I bought this book because a) Banana Yoshimoto (Kitchen was one of my most beloved books of my college years) and b) Melville House (my favorite publisher).
There is a phrase in the discussion questions at the end of this book that I just can’t get away from. Yoshimoto’s writing has been described as “deceptively simple,” and I think that’s exactly right. Reading her prose is kind of like looking at pictures through the melancholic soft focus filters so popular on Instagram, but then, the actual subject matter is so incredibly sharp: losing a parent, classism, the commodification of the arts, and the central mystery of the book — just what happened to Nakajima as a child?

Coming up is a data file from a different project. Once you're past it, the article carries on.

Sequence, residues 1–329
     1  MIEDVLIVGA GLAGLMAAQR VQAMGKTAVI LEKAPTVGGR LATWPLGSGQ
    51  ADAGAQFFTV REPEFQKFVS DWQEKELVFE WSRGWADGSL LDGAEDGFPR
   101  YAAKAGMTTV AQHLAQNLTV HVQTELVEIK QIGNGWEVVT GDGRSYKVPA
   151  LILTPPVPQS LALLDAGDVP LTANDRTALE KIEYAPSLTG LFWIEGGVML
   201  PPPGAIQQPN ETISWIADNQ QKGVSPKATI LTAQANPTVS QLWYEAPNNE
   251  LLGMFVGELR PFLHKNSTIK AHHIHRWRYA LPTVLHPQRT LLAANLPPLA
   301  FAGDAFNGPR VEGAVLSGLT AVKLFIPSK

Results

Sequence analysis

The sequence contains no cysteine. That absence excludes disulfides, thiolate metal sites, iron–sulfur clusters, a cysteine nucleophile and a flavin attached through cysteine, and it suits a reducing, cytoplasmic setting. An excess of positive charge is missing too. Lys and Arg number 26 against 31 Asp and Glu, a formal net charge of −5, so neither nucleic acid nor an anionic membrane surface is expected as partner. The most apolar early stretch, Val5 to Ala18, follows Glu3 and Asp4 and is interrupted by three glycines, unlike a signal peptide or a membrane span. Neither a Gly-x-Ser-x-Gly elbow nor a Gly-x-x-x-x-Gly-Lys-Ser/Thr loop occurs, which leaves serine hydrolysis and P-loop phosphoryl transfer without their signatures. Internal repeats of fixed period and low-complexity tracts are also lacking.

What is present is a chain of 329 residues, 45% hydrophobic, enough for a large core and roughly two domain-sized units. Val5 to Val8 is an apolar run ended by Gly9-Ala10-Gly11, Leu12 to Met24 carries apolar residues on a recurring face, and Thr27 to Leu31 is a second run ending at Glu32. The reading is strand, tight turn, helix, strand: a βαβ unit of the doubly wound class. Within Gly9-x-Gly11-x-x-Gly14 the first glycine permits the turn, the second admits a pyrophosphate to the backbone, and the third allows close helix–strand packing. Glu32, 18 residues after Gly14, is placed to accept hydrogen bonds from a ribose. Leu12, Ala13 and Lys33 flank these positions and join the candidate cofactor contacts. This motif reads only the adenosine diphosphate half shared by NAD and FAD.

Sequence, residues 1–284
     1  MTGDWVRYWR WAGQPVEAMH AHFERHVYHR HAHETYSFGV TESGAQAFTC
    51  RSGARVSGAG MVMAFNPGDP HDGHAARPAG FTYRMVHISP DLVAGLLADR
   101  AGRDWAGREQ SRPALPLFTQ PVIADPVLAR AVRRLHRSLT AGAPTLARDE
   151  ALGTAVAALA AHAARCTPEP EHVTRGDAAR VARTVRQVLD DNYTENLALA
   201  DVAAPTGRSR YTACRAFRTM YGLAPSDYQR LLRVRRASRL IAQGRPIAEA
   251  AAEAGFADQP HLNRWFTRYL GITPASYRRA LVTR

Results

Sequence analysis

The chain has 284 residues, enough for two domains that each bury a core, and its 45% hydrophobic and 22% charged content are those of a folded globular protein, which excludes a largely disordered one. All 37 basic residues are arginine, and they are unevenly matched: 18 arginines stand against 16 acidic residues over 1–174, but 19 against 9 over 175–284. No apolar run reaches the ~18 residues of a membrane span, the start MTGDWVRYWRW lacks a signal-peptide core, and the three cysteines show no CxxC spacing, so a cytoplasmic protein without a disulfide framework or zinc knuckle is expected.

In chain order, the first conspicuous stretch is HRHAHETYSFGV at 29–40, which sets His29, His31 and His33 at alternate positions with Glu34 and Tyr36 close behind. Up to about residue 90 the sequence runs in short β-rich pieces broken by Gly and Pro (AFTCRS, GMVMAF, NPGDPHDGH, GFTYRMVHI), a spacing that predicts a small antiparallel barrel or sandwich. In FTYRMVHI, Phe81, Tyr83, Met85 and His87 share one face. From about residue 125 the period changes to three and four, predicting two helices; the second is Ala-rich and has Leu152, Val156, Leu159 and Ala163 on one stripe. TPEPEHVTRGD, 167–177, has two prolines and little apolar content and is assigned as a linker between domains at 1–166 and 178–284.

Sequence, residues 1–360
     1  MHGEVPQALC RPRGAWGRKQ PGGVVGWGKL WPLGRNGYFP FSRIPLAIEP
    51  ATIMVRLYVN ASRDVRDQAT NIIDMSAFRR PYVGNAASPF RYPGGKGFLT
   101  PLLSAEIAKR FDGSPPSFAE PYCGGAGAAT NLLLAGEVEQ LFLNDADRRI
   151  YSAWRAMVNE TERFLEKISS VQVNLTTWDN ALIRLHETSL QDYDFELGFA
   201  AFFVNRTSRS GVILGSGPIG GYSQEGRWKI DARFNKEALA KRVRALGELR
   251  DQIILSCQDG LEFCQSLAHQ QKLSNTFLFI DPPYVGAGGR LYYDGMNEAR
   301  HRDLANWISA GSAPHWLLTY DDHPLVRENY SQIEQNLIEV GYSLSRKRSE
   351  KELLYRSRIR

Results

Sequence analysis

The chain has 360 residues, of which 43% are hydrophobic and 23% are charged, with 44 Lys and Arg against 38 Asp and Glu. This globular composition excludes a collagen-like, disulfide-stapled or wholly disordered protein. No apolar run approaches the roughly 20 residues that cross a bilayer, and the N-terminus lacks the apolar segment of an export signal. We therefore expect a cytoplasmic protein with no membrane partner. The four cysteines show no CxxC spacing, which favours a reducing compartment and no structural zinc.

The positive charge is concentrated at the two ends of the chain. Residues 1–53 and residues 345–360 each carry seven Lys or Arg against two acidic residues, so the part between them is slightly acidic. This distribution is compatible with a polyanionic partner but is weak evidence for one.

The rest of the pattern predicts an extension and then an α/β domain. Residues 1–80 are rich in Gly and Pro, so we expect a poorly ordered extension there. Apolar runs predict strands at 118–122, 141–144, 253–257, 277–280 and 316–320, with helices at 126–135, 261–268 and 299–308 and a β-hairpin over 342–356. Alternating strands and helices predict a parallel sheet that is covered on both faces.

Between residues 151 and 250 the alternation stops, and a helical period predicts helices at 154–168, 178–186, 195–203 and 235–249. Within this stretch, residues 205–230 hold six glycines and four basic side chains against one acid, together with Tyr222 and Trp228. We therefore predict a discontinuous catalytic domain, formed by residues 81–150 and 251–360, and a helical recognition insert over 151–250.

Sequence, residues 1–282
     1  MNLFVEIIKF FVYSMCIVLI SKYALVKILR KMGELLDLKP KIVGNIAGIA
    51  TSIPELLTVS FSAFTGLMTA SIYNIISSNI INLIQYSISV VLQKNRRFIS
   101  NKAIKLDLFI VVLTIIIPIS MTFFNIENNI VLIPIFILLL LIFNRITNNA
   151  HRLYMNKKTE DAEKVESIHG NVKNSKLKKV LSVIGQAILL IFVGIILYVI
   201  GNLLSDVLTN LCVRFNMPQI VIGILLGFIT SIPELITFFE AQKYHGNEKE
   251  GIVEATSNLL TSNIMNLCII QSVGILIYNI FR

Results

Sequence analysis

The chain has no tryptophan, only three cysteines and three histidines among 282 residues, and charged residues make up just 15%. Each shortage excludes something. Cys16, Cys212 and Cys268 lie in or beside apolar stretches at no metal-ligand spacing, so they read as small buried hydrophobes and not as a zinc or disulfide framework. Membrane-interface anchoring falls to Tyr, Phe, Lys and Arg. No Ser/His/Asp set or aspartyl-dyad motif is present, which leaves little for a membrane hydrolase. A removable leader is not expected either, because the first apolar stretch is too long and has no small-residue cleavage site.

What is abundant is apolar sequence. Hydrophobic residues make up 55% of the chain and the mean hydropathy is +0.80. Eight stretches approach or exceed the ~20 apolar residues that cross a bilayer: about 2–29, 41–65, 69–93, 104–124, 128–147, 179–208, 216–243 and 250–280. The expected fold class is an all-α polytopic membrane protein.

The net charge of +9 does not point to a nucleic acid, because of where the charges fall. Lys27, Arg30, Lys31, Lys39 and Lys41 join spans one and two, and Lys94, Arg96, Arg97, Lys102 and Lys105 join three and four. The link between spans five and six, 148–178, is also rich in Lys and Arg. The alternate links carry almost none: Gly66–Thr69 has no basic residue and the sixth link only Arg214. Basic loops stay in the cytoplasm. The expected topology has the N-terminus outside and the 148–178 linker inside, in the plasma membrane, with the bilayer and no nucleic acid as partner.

Calling her characters quirky is dismissive to the point of rudeness. If they are odd, it is in their rare capacity to own and be honest about their woundedness, and in their respectful care of each other. Quirky if bravery and gentleness are quirks.
Not your ordinary love story. More lovely than that.